Creative Nonfiction Writing Workshop
9 - 10 November 2022
Université de Lorraine, Nancy (France)
Workshop 2022
For more information, click on "Course Program"
or contact John S. Bak

Transnational Literary Journalism Summer School

“Inequality and Social Protest in
Transatlantic Literary Journalism:
The Cases of French journalisme littéraire, Polish reportaż
Spanish periodismo narrativo and the Latin American crónica

25–29 May 2021

Université de Lorraine (Nancy)
Ecole d'été LJ Poster 2021 

Course Description (online and in-person)

Literary journalism – or journalism as literature – is journalistic writing that reads like fiction but which is based entirely on immersive research, eyewitness accounts and verifiable facts as closely scrutinized as possible. Situated comfortably between two axes of media pedagogy and research, literary journalism (journalisme littéraire in French, periodismo literario in Spanish, reportaż in Polish and crónica in Latin America) represents a form of written communication that is both literary and journalistic in form and aesthetic but which informs and educates the public, provides detailed historical and cultural contexts and editorial commentaries and, potentially, alters socio-political policy and opinion.

This online and in-person five-day graduate course for Master’s and PhD students – throughout Europe and, potentially, Latin America – of Journalism, Communications, Media Studies, English, Spanish, Polish or French Literature, Latin American History, Cultural Studies or Government Policy will explore how current trends in narrative literary journalism in France, Spain, Poland as well as in Chile are reshaping the media landscape of each country, providing a significant panacea not only to counter the decline in print media readership but also to placate the readers’ growing distrust in that media’s global message.

Following morning and afternoon workshops and lectures on seven principal themes treated in literary journalism (war, immigration, drug trafficking, autocratic politics and social inequalities), students (Master’s, doctoral and postdoctoral) and interested faculty members will be introduced to the historical and cultural motivations behind the current popularity of literary journalism in France, Spain, Poland and Chile. Professional Polish (Artur Domosławski), French (Adrien Bosc) and American (Robert S. Boynton) literary journalist writers and editors will be on hand to speak to the graduate students and faculty about their experiences in research and writing reportages over the years and in currently editing magazines and books dedicated to the genre, Polityka, Revue Feuilleton, and The New New Journalism, and in running a graduate program at New York University, “Literary Reportage,” dedicated to teaching and shaping the next generation of literary journalists.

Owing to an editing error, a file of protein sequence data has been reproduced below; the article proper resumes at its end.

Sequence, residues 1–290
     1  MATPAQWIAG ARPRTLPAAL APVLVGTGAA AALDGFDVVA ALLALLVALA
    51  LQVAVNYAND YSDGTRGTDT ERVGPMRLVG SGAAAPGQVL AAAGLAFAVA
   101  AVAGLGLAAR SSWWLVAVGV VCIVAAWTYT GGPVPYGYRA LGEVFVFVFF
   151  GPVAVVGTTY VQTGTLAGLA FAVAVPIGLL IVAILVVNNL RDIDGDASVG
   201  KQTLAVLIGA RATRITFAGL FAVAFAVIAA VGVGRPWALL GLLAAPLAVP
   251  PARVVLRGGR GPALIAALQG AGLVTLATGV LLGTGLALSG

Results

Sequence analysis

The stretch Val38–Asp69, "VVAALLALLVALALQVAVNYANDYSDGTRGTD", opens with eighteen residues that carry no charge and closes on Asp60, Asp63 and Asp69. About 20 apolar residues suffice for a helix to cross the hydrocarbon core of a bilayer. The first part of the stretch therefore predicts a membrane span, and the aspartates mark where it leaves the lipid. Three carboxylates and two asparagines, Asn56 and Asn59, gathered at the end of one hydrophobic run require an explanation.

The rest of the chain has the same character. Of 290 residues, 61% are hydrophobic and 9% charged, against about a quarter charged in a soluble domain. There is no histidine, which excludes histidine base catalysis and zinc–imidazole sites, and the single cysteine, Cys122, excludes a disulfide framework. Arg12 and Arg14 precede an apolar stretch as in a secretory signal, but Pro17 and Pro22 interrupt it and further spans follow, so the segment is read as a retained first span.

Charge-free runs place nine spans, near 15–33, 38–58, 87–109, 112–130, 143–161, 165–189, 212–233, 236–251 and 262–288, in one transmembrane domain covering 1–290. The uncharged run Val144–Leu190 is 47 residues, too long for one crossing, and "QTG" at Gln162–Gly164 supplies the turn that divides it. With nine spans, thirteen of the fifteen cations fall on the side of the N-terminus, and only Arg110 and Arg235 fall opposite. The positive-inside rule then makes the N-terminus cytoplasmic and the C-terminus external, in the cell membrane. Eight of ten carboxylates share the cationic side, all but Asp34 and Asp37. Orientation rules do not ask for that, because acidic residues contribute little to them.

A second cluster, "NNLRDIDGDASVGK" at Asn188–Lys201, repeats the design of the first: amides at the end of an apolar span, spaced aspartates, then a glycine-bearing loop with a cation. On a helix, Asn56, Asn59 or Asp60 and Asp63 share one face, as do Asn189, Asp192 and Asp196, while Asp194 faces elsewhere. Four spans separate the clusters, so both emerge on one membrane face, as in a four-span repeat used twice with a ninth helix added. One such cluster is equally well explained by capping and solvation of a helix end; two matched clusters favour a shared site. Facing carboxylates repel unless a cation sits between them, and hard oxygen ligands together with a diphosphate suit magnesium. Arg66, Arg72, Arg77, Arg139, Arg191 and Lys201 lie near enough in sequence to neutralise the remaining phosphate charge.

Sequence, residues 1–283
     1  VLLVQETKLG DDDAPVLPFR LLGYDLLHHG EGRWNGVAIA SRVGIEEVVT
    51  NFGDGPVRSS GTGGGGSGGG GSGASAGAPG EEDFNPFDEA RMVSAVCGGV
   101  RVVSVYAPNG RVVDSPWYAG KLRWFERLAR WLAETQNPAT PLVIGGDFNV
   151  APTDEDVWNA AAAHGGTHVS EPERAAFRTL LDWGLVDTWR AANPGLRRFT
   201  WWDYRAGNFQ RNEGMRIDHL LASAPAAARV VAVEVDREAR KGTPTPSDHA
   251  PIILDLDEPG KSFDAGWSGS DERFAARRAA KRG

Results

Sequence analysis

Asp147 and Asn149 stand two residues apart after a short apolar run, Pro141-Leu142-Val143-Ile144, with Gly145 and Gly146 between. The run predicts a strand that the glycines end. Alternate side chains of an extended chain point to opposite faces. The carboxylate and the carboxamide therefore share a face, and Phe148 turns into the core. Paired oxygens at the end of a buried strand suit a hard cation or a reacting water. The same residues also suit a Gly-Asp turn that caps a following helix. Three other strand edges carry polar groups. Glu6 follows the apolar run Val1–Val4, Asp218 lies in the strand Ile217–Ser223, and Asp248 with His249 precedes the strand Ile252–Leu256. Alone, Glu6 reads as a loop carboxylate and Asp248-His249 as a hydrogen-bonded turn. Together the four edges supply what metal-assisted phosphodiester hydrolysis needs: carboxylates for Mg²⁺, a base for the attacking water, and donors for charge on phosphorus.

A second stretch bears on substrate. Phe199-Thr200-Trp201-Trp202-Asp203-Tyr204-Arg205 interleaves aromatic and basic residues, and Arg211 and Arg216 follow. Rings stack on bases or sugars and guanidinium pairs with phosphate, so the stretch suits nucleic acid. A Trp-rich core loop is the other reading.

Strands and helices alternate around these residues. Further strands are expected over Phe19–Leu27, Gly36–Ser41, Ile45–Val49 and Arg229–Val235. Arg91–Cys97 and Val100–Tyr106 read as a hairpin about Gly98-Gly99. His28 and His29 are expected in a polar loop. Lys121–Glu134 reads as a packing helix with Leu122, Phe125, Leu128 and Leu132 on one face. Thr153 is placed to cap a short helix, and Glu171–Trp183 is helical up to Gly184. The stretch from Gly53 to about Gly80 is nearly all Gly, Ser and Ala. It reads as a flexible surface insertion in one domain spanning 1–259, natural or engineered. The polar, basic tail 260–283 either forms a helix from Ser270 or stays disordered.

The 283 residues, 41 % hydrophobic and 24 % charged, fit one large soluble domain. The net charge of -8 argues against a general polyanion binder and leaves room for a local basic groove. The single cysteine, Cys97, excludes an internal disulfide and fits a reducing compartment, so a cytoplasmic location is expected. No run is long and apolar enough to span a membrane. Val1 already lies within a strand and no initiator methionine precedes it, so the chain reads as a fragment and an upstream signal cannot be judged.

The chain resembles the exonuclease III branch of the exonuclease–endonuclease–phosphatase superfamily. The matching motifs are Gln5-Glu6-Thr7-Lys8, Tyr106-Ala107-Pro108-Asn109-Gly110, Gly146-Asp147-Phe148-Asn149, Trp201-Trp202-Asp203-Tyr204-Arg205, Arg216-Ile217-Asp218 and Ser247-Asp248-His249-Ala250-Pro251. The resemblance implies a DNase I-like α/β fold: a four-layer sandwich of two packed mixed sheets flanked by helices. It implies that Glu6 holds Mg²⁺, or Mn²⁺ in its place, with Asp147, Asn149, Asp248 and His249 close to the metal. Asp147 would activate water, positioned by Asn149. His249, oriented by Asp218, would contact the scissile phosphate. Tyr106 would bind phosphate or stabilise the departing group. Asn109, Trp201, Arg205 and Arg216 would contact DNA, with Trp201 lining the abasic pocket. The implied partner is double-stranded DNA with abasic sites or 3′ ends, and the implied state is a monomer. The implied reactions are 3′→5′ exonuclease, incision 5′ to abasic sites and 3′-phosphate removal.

At the end of the course, students will be required to develop their own pedagogical unit (modeled after one of the seven themes presented or based on an entirely different theme not addressed during the course) and present it orally in English, Spanish, Polish or French before the group.

The Summer School course is sponsored in part by the ECOS Sud/ANID “CRONICA” project N° C18H01 (Comparative Reportages: An Ontology of French Narrative Journalistic Influences in Chile and Argentina), RÉCOLTE (Comex, Lorraine Université d’Excellence), the research centers IDEA (UR 2338), CERCLE (UR 4372), CREM (UR 3476), and LIS (UR7305), the Humanities Faculty of the Université de Lorraine (UFR ALL), and the École Doctorale HNFB (ED 411). The Summer School is also partnered with the University of Warsaw's Centre de civilisation française et d'études francophones en Pologne  CCFEF│Ośrodek Kultury Francuskiej i Studiów Frankofońskich w Polsce – OKFiSF.

logosCentre de civilisation française et d'études francophones en Pologne


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